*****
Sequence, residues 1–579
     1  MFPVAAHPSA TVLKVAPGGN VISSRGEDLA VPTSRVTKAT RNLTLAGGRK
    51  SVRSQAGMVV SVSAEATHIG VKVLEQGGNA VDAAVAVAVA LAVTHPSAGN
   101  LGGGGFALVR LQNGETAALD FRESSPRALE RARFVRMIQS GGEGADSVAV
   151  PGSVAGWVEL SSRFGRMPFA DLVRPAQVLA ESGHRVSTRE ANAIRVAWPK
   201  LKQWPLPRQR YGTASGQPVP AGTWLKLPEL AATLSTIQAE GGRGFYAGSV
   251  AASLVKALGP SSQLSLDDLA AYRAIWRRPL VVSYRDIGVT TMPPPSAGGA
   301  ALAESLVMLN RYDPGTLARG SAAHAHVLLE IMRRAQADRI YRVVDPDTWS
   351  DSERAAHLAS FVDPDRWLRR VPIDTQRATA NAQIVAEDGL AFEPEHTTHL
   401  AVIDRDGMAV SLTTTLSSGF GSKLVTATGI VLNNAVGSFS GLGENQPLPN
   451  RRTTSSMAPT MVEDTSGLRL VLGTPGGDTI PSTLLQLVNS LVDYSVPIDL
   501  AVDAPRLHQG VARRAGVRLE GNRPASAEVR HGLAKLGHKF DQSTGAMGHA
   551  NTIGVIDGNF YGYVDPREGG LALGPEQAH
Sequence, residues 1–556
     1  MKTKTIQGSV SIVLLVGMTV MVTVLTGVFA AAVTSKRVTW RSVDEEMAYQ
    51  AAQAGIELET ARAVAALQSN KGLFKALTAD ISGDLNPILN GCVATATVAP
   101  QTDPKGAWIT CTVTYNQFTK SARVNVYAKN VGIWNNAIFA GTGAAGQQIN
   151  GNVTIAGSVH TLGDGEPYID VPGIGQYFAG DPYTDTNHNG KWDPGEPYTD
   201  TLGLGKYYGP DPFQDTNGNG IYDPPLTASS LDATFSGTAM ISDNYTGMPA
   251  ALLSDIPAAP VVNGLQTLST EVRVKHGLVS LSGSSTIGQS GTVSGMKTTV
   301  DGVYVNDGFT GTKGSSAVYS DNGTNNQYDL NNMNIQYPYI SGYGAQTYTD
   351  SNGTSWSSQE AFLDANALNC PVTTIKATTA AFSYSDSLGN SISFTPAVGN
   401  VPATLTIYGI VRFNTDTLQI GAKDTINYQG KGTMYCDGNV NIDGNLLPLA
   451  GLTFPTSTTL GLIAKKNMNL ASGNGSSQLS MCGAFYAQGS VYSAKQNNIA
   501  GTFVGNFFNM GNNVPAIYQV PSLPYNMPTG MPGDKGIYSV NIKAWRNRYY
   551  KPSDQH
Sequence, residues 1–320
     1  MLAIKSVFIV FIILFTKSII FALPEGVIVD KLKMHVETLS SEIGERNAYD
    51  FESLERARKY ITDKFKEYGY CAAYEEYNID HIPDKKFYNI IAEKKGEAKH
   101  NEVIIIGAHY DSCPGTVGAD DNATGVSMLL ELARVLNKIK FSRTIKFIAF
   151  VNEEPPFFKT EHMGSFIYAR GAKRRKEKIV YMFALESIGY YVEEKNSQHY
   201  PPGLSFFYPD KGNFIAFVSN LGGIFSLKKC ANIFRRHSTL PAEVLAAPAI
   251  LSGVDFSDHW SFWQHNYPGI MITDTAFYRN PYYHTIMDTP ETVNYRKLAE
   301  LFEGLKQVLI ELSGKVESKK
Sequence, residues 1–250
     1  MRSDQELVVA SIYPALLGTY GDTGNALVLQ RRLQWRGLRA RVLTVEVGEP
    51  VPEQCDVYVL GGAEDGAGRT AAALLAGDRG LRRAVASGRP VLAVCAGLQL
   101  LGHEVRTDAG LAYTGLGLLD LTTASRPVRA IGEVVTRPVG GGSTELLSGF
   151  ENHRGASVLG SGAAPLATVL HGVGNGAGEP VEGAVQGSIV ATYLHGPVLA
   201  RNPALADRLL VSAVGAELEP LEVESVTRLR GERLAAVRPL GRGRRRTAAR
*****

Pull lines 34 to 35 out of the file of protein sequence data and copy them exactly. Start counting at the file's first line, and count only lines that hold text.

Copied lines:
   301  LFEGLKQVLI ELSGKVESKK
Sequence, residues 1–250